Life expectancy for US men drops more than 2 years due to COVID-19 pandemic, report shows

Stephanie Sierra Image
Thursday, October 7, 2021
US reports largest drop in life expectancy out of 29 countries
New research shows the COVID-19 pandemic is responsible for the biggest drop in life expectancy since World War II.

SAN FRANCISCO (KGO) -- New research shows the COVID-19 pandemic is responsible for the biggest drop in life expectancy since World War II.

A study recently published in the International Journal of Epidemiology analyzed life expectancy at birth among men and women from 2019 to 2020. Out of 29 different countries the largest drop was seen in the U.S. According to the analysis, adult men lost 2.2 years and adult women lost 1.5 years.

"It's unheard of," said UCSF's Dr. George Rutherford. "We've only seen this kind of drop twice, once from the 1918 flu pandemic and during World War II."

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"Why do you think the drop is greater among men?" ABC7's Stephanie Sierra asked.

"Men are more fragile when it comes to life expectancy," said Rutherford. "Men don't live as long as women."

Rutherford added men are also more likely to contract a severe form of the virus.

"These numbers are staggering, numbing really," said Joshua Salomon, a Stanford Professor of Medicine and Researcher in the Center for Health Policy.

Salomon says if the population as a whole lost between one to two years in life expectancy, it is even worse for minority populations.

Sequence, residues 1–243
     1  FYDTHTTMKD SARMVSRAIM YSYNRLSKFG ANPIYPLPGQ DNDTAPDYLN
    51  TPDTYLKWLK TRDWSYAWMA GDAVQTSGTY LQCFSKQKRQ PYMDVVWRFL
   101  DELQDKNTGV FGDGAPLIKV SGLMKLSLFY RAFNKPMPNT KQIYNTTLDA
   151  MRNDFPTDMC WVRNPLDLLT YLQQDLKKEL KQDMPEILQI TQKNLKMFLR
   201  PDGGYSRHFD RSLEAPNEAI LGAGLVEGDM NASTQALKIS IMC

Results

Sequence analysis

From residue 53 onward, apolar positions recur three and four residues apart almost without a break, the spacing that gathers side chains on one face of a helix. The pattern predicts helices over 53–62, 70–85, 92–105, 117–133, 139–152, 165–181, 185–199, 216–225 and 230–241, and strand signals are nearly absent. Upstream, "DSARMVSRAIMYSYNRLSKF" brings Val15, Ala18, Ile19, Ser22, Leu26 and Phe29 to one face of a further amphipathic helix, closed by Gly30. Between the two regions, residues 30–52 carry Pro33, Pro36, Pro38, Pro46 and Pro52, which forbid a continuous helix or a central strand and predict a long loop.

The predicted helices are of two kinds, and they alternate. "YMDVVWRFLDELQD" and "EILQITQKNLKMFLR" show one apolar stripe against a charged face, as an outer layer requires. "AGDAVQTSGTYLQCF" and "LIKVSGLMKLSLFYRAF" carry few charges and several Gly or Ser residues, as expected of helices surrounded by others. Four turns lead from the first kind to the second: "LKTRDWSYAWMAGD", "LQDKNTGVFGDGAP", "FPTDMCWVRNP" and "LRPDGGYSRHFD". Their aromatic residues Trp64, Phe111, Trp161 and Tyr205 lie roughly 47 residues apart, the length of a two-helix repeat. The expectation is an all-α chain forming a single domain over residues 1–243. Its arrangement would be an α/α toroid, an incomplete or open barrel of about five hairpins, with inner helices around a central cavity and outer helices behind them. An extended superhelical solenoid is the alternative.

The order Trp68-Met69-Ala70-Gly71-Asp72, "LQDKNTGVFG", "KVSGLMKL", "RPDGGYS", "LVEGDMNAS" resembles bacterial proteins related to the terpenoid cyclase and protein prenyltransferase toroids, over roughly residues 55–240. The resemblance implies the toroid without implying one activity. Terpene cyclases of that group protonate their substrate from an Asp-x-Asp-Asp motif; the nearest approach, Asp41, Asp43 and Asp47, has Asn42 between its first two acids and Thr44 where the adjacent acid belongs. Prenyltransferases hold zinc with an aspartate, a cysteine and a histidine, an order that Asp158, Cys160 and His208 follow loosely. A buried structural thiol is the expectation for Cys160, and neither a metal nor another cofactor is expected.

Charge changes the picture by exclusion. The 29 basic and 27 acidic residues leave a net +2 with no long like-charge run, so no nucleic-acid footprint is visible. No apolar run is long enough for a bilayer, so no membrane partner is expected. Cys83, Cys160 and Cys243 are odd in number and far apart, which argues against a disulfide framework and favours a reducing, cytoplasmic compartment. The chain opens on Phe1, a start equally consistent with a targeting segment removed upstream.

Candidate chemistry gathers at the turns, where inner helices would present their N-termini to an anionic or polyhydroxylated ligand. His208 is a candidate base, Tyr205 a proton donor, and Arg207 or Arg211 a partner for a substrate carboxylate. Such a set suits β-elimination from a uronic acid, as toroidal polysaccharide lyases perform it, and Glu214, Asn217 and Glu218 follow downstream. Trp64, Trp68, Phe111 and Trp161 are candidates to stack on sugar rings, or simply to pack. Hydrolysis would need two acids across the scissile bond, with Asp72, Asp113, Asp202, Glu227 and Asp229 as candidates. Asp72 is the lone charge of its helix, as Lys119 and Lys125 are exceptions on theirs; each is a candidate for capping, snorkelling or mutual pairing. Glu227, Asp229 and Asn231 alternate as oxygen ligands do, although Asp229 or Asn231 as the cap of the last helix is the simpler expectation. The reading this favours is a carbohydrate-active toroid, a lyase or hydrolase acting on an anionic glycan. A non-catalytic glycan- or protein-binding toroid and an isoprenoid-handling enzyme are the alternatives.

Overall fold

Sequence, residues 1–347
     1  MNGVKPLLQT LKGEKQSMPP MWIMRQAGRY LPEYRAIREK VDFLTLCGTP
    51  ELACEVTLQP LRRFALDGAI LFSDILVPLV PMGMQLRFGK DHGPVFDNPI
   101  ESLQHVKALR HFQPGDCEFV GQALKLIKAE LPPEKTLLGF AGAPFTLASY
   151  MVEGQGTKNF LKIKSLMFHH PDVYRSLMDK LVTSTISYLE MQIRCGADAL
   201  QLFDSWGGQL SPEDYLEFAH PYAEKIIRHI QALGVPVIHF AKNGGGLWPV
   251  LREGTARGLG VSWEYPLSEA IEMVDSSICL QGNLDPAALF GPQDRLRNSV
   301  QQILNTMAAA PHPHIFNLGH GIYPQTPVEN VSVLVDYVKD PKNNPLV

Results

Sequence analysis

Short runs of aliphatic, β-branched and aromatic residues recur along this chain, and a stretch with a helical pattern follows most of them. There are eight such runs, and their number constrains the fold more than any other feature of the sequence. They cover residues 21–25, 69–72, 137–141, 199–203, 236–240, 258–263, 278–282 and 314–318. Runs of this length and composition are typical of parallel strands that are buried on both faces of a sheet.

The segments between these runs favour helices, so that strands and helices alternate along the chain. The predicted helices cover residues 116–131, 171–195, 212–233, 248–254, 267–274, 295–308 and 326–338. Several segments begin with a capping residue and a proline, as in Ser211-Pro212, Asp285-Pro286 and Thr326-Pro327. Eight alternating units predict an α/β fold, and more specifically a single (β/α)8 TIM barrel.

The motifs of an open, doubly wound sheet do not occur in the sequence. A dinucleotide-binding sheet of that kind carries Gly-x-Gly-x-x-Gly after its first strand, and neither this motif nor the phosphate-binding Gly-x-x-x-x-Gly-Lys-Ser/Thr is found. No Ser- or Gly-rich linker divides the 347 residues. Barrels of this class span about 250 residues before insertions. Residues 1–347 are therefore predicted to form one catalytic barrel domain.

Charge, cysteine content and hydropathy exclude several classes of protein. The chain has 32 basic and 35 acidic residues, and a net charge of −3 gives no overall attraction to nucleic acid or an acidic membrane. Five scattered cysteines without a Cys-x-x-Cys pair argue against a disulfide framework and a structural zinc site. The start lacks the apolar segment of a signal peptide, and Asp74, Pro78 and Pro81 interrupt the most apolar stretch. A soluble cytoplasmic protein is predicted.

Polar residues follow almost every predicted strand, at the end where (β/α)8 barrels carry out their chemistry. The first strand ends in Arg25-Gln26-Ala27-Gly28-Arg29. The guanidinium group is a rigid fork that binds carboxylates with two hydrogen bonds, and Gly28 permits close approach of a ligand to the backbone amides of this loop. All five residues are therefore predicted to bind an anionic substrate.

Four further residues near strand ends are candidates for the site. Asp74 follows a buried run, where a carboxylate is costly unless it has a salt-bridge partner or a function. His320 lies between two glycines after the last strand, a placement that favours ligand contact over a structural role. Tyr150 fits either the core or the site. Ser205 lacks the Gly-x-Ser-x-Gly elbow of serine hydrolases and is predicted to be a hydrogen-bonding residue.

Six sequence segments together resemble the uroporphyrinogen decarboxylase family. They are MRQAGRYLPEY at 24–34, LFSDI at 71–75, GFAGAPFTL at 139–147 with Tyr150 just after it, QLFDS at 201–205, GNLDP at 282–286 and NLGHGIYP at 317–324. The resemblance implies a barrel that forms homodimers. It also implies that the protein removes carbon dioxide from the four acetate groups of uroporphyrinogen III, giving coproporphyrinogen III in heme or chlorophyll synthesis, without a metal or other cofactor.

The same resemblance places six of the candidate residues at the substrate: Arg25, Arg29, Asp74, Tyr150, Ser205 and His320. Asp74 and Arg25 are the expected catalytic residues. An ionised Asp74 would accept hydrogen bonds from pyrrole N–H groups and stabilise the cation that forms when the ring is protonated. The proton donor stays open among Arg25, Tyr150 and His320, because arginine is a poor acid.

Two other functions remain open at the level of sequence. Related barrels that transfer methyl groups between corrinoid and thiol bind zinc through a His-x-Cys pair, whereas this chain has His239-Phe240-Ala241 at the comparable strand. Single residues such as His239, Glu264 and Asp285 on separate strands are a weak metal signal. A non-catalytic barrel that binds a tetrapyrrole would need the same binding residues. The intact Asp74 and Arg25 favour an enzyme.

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"Other studies have shown the size of that drop in life expectancy is nearly two or three times higher for Black and Hispanic populations," he said.

It's important to note this study is not a prediction on how long people will live or how many years may be cut short, but rather a snapshot in time measuring the loss of life throughout the pandemic. More than 700,000 American lives have been lost to COVID-19, according to data compiled by Johns Hopkins University.

Experts say once death rates decline in the U.S. the life expectancy measure will eventually go back up. Salomon says most European countries have managed to continually increase vaccinating their populations, while the U.S. has plateaued since June.

"The U.S. has fared worse than many other countries," Salomon said. "Partly because the U.S. response has been weaker compared to other European countries that took the pandemic more seriously."

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